Heal Your Church WebSite


Teaching, rebuking, correcting & training in righteous web design.

The ASP.NET Web Matrix Project (Reloaded!)

I recently received an email asking which server platform was better, Linux/Apache or Microsoft/IIS? Without hesitation, my reply is a definitive “it depends …” To explain my unflinching response, you need to understand that by day, I am a mild-mannered systems engineer assigned to work exclusively with IIS servers and .NET; it is only at night that I take on my tux-clad alter-ego to perform my many mad experiments under Linux.

Personally, I prefer the “add-only-what-you-need” approach of the Apache server along with the raw, brutal efficiency that comes with any *nix variant (which doesn’t hurt when you’re married to a woman who’s title at work is ‘the Solaris queen’). One good example of this is mod_rewrite. As you’ve seen in prior posts, once you’ve mastered the wizardry of the syntax, you then have a formidable tool for handling, mangling and redirecting incoming requests.

That said, no matter what you’re feelings about Bill Gates are, the IDE that comes with Microsoft Visual Studio .NET has very few rivals (note to my cool Linux friends, I said a few!-). Add to this seamless multi-language support under via very Java-like framework, and superior state and session management, and you can see why some huge e-commerce systems such as Buy.com employ an IIS-based solution. A good example of this are ASP .NET’s server controls such as list boxes that can be bound to a database table, enforce event-driven validation and maintain state from request to response with little or no code.

And let’s face it, their debugger is to die for (then again, so is a good Linux-based DNS server).

Of course, all comes with a VERY hefty price tag. To steal an anology from Vincent Flanders, there are systems you date, then there is ASP .NET and IIS, a system you marry. Nor can we quickly overlook embarrassing security breaches such as last week’s MSBlaster worm. In other words, there is a cost-benefit trade-off with taking the ASP .NET IIS route. This means you are going to need to weigh these options against your organization’s desires, your customer’s needs, your budget and your available technicians, paid or otherwise.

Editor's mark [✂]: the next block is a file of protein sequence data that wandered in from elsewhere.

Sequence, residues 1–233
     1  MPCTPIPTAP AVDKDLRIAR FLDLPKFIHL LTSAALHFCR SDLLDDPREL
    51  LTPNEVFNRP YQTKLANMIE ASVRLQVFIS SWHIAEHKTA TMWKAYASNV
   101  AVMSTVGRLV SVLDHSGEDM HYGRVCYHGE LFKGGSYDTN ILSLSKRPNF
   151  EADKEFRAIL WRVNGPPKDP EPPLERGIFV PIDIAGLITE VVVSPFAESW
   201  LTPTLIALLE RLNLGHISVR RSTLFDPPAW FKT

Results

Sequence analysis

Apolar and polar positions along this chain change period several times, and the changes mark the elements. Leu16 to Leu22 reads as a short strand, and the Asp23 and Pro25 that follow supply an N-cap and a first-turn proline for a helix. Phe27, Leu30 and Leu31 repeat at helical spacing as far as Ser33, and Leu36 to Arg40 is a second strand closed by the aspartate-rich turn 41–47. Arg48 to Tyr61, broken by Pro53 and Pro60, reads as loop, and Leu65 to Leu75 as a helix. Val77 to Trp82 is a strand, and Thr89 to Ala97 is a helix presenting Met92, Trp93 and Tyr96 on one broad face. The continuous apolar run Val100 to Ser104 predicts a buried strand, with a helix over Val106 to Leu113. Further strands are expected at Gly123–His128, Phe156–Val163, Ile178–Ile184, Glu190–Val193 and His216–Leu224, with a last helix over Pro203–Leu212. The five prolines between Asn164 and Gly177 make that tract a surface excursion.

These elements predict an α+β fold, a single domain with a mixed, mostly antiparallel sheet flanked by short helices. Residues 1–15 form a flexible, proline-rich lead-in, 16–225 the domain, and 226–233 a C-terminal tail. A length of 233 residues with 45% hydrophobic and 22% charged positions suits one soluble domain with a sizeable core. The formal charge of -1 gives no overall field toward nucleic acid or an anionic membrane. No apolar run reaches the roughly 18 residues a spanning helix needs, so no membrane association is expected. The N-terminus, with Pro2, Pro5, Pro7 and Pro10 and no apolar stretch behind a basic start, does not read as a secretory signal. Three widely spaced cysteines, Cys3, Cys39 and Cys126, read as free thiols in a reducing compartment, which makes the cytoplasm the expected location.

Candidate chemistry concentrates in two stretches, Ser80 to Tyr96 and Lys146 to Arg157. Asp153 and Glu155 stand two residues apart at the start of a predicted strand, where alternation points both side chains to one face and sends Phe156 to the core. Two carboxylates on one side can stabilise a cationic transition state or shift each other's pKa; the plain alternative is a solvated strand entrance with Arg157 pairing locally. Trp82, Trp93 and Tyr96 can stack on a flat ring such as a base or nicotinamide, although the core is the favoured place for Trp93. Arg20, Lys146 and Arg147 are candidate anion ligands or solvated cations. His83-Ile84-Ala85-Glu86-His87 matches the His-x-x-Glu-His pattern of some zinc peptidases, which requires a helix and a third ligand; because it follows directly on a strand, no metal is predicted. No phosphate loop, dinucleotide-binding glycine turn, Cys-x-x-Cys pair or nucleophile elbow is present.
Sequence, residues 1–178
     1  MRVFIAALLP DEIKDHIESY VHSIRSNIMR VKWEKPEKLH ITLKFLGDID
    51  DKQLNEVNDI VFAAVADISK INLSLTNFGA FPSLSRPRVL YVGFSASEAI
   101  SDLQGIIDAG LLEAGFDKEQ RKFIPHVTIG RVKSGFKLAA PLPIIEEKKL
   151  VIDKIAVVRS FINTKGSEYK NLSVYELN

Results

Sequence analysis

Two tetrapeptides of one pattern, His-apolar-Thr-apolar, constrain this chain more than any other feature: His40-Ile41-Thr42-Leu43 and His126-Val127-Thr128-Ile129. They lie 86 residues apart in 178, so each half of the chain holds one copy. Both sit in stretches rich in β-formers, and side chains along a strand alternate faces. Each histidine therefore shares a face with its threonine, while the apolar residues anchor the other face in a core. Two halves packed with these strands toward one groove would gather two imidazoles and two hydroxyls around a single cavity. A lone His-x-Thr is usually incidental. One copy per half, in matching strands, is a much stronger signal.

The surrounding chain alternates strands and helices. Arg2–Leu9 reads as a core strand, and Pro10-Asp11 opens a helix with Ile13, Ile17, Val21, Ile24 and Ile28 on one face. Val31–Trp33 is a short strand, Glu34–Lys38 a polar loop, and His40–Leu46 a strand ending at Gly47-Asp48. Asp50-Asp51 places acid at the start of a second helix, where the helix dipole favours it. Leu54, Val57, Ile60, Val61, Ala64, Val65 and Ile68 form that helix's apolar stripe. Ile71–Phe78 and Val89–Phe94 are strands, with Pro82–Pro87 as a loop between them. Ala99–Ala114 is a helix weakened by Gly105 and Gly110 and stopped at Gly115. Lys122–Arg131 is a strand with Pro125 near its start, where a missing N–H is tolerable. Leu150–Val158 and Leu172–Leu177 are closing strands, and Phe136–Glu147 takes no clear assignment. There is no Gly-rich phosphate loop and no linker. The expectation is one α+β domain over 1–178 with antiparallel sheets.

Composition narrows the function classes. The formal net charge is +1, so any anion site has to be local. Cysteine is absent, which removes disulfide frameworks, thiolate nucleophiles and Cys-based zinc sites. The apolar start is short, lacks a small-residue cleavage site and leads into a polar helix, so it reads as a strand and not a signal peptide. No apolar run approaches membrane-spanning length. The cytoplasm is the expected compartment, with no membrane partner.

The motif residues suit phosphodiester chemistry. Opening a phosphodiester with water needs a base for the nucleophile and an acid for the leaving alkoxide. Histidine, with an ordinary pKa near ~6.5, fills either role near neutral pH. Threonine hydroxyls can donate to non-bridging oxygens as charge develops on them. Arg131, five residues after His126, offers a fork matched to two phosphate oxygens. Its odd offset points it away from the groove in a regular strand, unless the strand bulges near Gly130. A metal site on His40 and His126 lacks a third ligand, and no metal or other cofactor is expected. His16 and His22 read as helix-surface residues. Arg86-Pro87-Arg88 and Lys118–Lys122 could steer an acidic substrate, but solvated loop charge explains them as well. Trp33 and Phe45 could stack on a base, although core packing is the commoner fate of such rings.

Still, since I’ve already shown you consumate ‘examplage’ of solutions in Perl and PHP, I think it only fair to give ASP .NET some coverage so you can make a more informed decision. And to further help you along with that choice without compelling you mortgage the parsonage and rent out the baptismal to pool parties, I’d like to bring your attention to the ASP.NET Web Matrix Project.

According its home site, “ASP.NET Web Matrix is a community-supported, easy-to-use WYSIWYG application development tool for ASP.NET. It can be installed via a quick 1.3 MB download (about 5 minutes using a 56Kb modem). New features include: Access database support, J# support, design time enhancements including improved table editing and user-control rendering, many bug fixes, and much more! Best of all, it’s absolutely free!”

Okay, it’s not the robust VisualStudio .NET programming environment, but it is at least a free and easy way you can dabble around ASP .NET and compare it to other languages, environments and server platforms.

Just do me a favor, once you’re done for the night experimenting with an IIS server on your home computer, why not pull the plug on your DSL modem before retiring to bed?

2 Comments

  1. Once again, what can I say? Really appreciate your site, Dean – and your balance.

    And if anyone else out there is a church webservant who uses ASP/ASP.NET, please contact me! :)

  2. Don’t forget that there *is* an open-source implementation of ASP.NET. The mono project ( http://go-mono.com ) is implementing the entire .NET framework on linux, and ASP.NET is supported. To use ASP.NET, you install a plugin for apache called mod_mono. You can even get web hosting for ASP.NET on apache using mod_mono at http://www.monohosting.net .

    Something to remember, though, is that mono is not yet at a 1.0 release, but should be by end of year.

    My point is that you can still have Linux/Apache reliability and ASP.NET features. Pretty groovy, eh?